Parent education and biologic factors influence on cognition in sickle cell anemia.

Journal Article (Journal Article;Multicenter Study)

Children with sickle cell anemia have a high prevalence of silent cerebral infarcts (SCIs) that are associated with decreased full-scale intelligence quotient (FSIQ). While the educational attainment of parents is a known strong predictor of the cognitive development of children in general, the role of parental education in sickle cell anemia along with other factors that adversely affect cognitive function (anemia, cerebral infarcts) is not known. We tested the hypothesis that both the presence of SCI and parental education would impact FSIQ in children with sickle cell anemia. A multicenter, cross-sectional study was conducted in 19 US sites of the Silent Infarct Transfusion Trial among children with sickle cell anemia, age 5-15 years. All were screened for SCIs. Participants with and without SCI were administered the Wechsler Abbreviated Scale of Intelligence. A total of 150 participants (107 with and 43 without SCIs) were included in the analysis. In a multivariable linear regression model for FSIQ, the absence of college education for the head of household was associated with a decrease of 6.2 points (P = 0.005); presence of SCI with a 5.2 point decrease (P = 0.017); each $1000 of family income per capita with a 0.33 point increase (P = 0.023); each increase of 1 year in age with a 0.96 point decrease (P = 0.023); and each 1% (absolute) decrease in hemoglobin oxygen saturation with 0.75 point decrease (P = 0.030). In conclusion, FSIQ in children with sickle cell anemia is best accounted for by a multivariate model that includes both biologic and socioenvironmental factors.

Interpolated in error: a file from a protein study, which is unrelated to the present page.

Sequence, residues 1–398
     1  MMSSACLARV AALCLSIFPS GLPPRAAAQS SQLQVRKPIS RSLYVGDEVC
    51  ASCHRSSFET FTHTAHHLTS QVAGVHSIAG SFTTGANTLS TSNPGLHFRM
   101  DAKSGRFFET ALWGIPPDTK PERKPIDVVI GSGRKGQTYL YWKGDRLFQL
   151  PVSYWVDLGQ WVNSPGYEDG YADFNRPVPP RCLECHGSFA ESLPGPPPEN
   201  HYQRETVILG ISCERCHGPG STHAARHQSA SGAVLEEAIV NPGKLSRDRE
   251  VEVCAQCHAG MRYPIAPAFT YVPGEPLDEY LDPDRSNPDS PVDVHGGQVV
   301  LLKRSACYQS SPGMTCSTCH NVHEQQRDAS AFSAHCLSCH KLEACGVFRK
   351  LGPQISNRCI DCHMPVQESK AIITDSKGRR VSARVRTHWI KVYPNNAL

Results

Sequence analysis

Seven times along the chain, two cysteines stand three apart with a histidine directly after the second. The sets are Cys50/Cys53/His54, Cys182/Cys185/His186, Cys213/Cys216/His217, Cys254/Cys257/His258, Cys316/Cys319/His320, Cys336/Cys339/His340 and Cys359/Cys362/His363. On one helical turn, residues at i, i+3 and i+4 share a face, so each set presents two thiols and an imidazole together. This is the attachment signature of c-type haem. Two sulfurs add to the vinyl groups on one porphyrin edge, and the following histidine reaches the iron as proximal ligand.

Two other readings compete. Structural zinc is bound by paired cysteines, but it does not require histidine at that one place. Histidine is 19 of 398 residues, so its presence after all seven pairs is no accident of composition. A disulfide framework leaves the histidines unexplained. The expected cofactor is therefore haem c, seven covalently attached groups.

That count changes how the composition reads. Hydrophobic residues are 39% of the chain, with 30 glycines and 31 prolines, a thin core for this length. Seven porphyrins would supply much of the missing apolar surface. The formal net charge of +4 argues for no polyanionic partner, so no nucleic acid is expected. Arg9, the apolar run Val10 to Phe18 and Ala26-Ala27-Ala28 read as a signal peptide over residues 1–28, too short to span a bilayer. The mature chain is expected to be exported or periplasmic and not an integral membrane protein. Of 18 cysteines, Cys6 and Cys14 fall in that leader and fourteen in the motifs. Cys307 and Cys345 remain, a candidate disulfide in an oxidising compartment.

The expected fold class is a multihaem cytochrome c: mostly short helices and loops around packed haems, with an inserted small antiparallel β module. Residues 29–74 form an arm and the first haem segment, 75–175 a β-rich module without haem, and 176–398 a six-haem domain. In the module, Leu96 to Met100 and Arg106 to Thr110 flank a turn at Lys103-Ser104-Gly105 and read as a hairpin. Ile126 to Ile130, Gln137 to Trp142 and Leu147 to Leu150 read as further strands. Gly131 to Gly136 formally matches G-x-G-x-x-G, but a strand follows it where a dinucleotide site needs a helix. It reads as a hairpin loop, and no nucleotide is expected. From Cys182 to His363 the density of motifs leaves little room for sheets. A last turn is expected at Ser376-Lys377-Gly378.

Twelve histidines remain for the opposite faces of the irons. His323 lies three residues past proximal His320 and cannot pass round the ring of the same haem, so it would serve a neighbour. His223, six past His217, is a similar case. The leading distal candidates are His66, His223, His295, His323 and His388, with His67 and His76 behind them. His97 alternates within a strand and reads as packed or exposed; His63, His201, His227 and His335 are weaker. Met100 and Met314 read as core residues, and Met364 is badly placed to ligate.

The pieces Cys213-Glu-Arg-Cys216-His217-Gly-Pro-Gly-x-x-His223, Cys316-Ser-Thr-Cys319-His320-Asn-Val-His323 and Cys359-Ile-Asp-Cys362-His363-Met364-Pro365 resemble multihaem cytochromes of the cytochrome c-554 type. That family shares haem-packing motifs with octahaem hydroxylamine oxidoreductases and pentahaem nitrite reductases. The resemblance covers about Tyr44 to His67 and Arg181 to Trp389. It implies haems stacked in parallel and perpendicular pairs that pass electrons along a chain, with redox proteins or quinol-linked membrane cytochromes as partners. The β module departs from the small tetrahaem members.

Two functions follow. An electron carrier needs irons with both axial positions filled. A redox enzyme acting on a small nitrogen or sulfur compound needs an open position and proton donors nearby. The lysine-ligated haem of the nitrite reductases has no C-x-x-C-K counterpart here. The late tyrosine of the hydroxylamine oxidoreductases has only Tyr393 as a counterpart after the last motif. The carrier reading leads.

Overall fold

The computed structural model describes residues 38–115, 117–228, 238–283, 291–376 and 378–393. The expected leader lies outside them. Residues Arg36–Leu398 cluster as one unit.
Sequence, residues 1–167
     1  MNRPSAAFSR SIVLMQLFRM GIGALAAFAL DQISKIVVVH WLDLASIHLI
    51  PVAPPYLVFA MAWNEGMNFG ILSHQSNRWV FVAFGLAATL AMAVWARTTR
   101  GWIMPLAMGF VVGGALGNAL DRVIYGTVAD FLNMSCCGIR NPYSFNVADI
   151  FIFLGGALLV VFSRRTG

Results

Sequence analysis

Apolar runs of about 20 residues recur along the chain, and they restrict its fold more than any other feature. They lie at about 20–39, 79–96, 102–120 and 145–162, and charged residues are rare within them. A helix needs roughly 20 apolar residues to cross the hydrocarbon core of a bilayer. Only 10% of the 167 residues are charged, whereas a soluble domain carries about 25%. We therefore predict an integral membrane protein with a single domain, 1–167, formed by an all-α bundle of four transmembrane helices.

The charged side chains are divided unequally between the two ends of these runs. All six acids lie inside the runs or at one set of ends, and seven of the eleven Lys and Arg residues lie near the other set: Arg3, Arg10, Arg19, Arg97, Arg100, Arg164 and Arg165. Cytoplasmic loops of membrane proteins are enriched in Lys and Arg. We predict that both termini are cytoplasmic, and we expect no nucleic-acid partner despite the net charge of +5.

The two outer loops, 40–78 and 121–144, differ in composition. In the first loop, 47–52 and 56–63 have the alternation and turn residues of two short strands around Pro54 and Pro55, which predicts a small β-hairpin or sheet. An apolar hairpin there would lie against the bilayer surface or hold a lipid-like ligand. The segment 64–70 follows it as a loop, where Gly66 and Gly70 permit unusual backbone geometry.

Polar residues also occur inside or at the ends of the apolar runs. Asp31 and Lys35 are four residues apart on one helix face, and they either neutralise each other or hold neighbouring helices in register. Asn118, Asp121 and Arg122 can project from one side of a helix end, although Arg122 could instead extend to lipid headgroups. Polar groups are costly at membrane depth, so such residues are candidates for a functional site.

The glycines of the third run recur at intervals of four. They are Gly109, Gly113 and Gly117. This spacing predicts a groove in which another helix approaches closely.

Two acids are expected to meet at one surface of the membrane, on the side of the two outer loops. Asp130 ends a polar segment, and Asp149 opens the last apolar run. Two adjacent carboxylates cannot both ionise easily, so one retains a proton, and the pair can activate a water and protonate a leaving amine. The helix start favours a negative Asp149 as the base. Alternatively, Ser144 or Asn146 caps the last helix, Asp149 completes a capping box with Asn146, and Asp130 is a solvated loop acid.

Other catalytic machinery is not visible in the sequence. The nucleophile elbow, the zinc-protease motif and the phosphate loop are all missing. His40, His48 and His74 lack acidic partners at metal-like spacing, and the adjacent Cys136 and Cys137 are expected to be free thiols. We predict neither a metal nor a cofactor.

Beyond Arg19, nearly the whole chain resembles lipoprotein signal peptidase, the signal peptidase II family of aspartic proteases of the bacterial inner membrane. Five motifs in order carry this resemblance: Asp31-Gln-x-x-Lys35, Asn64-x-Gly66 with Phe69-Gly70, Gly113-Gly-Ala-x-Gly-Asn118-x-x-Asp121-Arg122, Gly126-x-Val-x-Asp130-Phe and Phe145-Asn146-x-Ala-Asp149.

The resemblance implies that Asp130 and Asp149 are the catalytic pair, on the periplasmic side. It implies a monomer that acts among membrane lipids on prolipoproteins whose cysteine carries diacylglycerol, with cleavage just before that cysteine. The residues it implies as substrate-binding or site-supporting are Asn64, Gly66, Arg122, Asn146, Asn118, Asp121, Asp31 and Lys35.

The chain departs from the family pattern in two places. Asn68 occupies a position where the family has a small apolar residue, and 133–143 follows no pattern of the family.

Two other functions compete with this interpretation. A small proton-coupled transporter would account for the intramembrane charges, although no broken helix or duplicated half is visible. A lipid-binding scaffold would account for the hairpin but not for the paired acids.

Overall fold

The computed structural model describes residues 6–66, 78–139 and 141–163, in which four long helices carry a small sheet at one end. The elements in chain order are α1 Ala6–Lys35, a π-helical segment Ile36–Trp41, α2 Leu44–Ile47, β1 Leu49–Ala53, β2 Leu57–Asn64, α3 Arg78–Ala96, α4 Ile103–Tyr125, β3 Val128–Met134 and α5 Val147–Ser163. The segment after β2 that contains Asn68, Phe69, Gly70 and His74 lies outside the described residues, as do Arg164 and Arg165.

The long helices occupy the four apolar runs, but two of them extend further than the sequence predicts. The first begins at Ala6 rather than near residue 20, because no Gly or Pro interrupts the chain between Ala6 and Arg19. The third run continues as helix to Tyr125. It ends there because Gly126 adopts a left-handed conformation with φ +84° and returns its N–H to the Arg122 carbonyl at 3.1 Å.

Full Text

Duke Authors

Cited Authors

  • King, AA; Strouse, JJ; Rodeghier, MJ; Compas, BE; Casella, JF; McKinstry, RC; Noetzel, MJ; Quinn, CT; Ichord, R; Dowling, MM; Miller, JP; Debaun, MR

Published Date

  • February 2014

Published In

Volume / Issue

  • 89 / 2

Start / End Page

  • 162 - 167

PubMed ID

  • 24123128

Pubmed Central ID

  • PMC4310566

Electronic International Standard Serial Number (EISSN)

  • 1096-8652

Digital Object Identifier (DOI)

  • 10.1002/ajh.23604


  • eng

Conference Location

  • United States